At the end of the experiment, six cuttlefish per basket were anaesthetized in diluted ethanol (1:20, Sinopharm Chemical Reagent, Shanghai, China). Samples of digestive glands and muscles were immediately frozen in liquid nitrogen and stored at -80 ℃ until analysis. The procedures for preparing glycogen and enzyme extract were as follows: 1) the frozen samples were thawed, weighed (~100 mg), and homogenized (3 min) in an ice-cold 50-mmol/L citrate phosphate buffer (pH 7.0) at a ratio of 1:9 (w/v) using Ultraturrax (T-25) homogenizer; 2) the homogenate was centrifuged at 4 000 r/min (4 ℃) for 10 min, and then the supernatant was centrifuged at 12 000 r/min (4 ℃) for 15 min; 3) the supernatants were collected and used for further testing within 4 h and kept refrigerated at 4 ℃; 4) the total protein content of the crude extracts was measured at 30 ℃ using bovine serum albumin as a standard at 595 nm using the Bradford (1976). All assay kits were purchased from Nanjing Jiancheng Bioengineering Institute (http://www.njjcbio.com/, Nanjing, China), testing procedures following the manufacturer's instructions. The assays are briefly described below.
The glycogen content for digestive gland and muscle samples was measured using the glycogen assay kit. Glycogen concentration was determined using the anthrone reaction method according to Kohyama-Koganeya et al. (2015), free glucose was subtracted from the total glucosyl equivalents for glycogen levels, and sample absorption was read at 620 nm. The following test procedures as our previously described (Jiang et al., 2020). Glycogen level was expressed as per mg of total protein (specific level).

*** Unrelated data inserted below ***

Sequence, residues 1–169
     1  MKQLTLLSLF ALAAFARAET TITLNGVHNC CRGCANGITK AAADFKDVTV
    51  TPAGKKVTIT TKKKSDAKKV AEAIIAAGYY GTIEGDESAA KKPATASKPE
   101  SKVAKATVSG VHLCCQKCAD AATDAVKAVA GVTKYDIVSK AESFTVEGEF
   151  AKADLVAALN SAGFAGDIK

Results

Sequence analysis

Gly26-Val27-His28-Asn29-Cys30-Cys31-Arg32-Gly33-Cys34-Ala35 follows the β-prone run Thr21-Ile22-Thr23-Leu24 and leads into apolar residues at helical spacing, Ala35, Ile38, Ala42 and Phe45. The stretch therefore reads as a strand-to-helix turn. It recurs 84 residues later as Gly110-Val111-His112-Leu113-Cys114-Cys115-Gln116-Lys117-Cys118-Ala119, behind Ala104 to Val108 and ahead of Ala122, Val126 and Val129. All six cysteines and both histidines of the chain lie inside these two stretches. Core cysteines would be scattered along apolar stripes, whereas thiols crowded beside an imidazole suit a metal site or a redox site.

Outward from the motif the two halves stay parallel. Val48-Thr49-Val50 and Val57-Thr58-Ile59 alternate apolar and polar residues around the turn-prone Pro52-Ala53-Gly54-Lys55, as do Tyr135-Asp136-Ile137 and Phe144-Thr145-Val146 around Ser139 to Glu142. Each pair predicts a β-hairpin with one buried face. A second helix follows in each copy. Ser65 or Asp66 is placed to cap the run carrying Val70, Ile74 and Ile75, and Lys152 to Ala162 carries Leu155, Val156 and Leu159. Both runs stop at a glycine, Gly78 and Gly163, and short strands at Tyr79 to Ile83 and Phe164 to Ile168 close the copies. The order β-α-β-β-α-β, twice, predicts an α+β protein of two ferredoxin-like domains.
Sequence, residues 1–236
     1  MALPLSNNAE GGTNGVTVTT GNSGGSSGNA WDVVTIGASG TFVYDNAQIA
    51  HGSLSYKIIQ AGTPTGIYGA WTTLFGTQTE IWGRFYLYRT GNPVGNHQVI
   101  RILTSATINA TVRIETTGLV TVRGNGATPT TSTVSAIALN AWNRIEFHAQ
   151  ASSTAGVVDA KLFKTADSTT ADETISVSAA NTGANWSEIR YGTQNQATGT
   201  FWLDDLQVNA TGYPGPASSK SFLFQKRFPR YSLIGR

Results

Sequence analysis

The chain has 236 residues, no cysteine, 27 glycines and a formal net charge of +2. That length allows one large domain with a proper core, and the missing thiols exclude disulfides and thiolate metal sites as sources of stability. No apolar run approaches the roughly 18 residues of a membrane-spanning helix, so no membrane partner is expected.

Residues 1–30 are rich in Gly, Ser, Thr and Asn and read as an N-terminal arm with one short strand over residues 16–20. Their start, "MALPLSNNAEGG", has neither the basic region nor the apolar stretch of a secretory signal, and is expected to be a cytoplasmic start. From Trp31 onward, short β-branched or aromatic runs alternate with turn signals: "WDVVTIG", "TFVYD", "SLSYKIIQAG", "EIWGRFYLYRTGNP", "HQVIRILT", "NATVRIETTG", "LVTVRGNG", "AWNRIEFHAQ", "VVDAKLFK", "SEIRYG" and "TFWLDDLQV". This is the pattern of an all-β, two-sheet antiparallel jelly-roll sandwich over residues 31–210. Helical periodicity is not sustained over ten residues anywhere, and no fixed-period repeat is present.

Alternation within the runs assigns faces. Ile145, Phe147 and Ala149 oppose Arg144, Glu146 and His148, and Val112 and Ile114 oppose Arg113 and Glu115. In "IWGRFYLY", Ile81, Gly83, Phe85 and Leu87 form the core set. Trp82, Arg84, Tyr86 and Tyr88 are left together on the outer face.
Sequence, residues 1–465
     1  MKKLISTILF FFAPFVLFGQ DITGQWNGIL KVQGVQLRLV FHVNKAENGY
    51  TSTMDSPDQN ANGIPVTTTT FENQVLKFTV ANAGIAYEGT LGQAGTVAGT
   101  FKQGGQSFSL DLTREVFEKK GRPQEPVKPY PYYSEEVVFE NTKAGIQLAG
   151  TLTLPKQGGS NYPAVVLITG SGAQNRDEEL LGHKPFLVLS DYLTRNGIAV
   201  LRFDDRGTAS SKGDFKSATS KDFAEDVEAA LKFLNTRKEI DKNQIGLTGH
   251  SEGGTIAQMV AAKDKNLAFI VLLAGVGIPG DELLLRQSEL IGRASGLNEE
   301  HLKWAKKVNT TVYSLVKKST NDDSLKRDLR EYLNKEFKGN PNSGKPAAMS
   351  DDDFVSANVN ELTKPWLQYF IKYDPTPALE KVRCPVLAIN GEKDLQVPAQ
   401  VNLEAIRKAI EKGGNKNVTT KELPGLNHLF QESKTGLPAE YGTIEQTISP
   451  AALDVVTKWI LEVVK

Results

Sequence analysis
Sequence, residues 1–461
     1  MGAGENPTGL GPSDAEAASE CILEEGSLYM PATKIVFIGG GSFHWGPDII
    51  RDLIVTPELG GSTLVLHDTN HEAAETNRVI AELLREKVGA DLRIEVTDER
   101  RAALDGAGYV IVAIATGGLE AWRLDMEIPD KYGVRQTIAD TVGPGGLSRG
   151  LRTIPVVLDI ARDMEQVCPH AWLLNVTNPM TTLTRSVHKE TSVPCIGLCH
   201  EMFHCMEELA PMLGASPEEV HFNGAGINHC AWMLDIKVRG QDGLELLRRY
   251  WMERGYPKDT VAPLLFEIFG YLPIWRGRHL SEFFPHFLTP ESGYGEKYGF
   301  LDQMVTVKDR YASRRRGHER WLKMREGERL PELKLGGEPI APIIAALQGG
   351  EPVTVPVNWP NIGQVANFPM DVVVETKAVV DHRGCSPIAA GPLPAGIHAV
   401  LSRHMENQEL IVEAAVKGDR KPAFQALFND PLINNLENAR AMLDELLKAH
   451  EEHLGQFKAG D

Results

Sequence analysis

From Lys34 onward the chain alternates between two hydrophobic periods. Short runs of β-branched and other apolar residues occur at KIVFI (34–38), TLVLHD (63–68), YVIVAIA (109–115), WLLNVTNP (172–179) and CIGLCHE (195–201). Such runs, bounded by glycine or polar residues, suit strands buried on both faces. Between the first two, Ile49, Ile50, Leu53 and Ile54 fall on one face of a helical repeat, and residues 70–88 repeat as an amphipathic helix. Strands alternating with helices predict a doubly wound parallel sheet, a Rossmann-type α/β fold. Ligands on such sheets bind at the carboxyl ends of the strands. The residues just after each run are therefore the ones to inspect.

The activities of digestive gland alkaline phosphatase (ALP), trypsin (TRYP), and lipase (LIP) were determined according to the procedures described by Principato et al. (1982), Tsunematsu et al. (1985), and Pinsirodom and Parkin (2001), respectively. The absorption of ALP (EC 220.127.116.11), TRYP (EC 18.104.22.168), and LP (EC 22.214.171.124) was recorded at 520 nm, 253 nm, and 420 nm, respectively. Enzyme activities were expressed as per mg of total protein (specific activity).
The activities of muscle tissue succinate dehydrogenase (SDH), malate dehydrogenase (MDH), hexokinase (HK), and pyruvate kinase (PK) were determined in accordance with procedures described by Palmer et al. (1977), Baldwin and Reed (1976), Tranulis et al. (1996), and Foster and Moon (1986), respectively. The absorption of SDH (EC 126.96.36.199), MDH (EC 188.8.131.52), HK (EC 184.108.40.206), and PK (EC 220.127.116.11) was read at 600 nm, 340 nm, 340 nm, and 340 nm, respectively. Enzyme activities were expressed as per g or/and mg of total protein (specific activity).2.4 Statistical analysis